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Jane Bolton Psy.D., M.F.T.,
Jane Bolton Psy.D., M.F.T.,

Does Your Relationship Feel Like a Curse or Curriculum?

Are the difficulties in your relationship a bane or blessing?

What's the purpose of your relationship?

For some people, a partner relationship is to share financial burden; for some, it's to raise children; for some, it's to please their parents; for some, a source of dependable sex. And, of course, there are as many purposes as there are pairs.

What's the purpose of your relationship?

But there are others who choose as their relationship's purpose to help themselves expand in wisdom and deep personal power. For these brave souls, the purpose of relationship is to grow themselves up, to wake themselves up, as fully as possible.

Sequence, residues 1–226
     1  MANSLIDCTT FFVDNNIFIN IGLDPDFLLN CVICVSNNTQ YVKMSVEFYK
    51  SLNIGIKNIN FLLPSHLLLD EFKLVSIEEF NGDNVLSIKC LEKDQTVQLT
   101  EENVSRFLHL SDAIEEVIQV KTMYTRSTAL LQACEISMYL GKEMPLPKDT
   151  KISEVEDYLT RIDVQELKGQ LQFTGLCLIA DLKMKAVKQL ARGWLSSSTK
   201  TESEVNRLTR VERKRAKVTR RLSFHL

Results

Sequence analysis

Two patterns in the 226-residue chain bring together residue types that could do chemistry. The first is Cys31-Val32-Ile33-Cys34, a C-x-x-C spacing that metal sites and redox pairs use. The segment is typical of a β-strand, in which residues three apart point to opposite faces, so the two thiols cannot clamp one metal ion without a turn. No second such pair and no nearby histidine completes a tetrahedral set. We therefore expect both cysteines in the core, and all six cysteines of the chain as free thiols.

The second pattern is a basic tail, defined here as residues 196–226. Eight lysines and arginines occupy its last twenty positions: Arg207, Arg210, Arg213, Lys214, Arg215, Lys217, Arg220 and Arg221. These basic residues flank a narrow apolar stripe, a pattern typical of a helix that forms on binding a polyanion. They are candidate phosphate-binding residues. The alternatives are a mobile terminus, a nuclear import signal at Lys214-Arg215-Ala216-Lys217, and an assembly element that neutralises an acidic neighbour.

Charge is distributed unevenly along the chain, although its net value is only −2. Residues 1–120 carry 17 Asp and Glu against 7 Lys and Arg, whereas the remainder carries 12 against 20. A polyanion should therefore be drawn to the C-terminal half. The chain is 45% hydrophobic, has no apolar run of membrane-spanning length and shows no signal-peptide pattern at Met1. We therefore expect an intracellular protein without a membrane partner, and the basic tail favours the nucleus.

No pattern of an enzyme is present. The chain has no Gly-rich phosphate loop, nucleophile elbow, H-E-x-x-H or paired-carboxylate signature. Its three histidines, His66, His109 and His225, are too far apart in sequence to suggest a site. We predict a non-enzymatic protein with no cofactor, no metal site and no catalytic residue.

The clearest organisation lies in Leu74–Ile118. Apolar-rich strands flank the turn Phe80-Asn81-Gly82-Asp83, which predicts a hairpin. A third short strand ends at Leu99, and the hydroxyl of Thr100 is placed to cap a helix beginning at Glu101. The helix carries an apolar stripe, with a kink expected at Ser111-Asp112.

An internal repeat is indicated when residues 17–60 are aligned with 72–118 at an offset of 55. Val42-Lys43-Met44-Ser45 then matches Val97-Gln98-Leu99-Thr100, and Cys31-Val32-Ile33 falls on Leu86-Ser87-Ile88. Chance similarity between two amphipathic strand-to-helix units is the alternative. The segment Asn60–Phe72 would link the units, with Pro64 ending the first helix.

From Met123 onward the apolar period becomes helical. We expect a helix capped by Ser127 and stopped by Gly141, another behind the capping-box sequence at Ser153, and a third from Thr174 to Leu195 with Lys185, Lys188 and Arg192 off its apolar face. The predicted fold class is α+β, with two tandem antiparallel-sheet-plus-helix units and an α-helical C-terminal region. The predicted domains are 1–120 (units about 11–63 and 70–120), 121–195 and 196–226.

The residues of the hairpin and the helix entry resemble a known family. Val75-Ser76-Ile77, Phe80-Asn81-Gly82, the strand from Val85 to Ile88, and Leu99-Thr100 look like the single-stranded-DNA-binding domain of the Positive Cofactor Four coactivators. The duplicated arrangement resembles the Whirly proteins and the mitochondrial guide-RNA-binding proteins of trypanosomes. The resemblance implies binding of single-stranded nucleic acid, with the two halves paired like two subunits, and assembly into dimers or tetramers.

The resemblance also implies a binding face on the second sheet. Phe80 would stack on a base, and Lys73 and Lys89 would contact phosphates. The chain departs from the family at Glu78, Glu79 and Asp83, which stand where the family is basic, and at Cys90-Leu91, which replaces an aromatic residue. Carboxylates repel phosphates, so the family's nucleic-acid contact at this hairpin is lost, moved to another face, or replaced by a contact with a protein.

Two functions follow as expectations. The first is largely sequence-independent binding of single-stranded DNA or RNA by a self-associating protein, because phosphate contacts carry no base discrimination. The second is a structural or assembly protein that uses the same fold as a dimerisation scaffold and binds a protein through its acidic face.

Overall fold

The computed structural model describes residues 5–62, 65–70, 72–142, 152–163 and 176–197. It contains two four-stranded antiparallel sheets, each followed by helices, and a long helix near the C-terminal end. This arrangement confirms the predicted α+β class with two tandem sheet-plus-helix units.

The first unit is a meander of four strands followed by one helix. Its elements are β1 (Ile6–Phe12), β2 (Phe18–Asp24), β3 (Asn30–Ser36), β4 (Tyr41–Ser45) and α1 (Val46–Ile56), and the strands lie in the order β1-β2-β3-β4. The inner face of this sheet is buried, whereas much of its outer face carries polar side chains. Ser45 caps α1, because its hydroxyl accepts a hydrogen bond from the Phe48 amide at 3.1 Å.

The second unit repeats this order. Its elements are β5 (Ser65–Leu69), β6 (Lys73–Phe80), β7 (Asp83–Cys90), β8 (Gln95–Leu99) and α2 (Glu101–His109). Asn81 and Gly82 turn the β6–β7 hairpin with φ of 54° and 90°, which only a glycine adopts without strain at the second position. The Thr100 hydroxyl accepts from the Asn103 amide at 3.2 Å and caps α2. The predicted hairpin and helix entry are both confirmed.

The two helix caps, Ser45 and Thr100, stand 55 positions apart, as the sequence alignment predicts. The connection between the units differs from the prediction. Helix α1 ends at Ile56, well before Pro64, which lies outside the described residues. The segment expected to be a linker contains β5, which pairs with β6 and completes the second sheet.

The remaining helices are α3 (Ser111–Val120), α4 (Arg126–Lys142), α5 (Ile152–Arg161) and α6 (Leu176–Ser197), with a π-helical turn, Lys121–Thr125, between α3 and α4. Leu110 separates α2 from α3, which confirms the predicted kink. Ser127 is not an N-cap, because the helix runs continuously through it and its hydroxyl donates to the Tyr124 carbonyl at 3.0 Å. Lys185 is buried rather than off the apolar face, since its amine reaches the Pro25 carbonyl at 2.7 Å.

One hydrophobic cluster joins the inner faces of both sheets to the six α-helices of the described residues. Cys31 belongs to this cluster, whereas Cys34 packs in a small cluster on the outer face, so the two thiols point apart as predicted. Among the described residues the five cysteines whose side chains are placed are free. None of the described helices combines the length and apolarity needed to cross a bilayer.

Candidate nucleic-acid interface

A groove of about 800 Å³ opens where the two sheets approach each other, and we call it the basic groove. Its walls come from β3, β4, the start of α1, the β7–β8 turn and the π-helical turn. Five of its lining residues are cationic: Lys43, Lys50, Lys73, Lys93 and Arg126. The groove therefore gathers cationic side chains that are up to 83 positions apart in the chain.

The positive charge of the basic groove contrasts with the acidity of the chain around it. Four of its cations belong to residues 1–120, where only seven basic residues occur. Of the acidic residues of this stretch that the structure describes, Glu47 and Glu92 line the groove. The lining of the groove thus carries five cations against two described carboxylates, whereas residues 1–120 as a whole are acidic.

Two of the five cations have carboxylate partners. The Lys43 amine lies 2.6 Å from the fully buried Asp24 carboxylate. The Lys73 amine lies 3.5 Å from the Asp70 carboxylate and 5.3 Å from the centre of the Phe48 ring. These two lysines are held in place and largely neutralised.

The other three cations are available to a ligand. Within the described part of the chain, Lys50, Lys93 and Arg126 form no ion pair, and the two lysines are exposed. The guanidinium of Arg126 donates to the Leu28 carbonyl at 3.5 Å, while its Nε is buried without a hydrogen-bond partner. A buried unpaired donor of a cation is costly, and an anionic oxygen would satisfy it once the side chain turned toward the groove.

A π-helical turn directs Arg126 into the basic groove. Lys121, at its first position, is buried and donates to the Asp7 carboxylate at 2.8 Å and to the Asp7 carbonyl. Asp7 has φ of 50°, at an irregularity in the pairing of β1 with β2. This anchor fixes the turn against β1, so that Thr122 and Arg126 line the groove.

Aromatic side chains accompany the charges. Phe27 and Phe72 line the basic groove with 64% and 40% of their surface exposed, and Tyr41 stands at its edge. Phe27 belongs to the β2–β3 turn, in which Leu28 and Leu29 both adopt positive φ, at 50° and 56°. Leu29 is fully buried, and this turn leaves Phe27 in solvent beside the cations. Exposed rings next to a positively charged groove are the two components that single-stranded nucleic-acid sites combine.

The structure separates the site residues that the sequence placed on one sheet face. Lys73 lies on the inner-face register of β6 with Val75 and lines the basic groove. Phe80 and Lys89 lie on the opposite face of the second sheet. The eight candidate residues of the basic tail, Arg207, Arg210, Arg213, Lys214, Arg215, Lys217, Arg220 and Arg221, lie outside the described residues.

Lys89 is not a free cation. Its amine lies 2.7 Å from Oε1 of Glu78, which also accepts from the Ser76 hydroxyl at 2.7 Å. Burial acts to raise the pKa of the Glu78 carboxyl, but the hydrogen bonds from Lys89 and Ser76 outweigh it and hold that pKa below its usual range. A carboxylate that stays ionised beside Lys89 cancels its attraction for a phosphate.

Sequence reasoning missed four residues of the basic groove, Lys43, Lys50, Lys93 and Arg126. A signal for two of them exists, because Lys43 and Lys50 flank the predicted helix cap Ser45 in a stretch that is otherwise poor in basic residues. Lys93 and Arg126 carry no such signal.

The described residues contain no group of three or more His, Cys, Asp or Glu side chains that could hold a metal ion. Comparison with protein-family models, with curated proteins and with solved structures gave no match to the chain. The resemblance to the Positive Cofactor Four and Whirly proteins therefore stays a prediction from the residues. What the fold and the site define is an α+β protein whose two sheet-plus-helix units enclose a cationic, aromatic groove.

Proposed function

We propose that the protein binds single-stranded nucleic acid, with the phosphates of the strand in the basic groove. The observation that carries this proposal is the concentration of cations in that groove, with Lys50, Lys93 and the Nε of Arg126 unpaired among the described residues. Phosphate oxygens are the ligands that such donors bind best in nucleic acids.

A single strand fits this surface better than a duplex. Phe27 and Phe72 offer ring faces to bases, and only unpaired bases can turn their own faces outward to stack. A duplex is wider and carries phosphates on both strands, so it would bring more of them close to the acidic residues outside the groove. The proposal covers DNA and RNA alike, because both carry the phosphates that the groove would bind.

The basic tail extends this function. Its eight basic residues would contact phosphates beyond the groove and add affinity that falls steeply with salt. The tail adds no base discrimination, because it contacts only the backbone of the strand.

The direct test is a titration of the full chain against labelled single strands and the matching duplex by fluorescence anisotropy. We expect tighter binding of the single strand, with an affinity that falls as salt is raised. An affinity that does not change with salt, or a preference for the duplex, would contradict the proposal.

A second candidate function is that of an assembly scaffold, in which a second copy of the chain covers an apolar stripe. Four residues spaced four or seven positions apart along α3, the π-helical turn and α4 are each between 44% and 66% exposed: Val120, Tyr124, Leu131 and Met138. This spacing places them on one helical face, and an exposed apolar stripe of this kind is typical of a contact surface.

For these courageous ones, the aim is to use the difficulties of relationship -and every relationship has difficulties- to become more fully themselves. Then the inevitable interpersonal difficulties turn from curse to curriculum.

While some other couples focus on how to get better and better at proving themselves right and their partners wrong, these plucky evolving people know that the everyday annoyances - not acted upon - become a way to practice personal pride and the awesome power of non-reactivity.

This is a two part article about developing patience. In this first part, I talk about what patience is, and why we need it. In the next part, I give some ways to grow your patience power.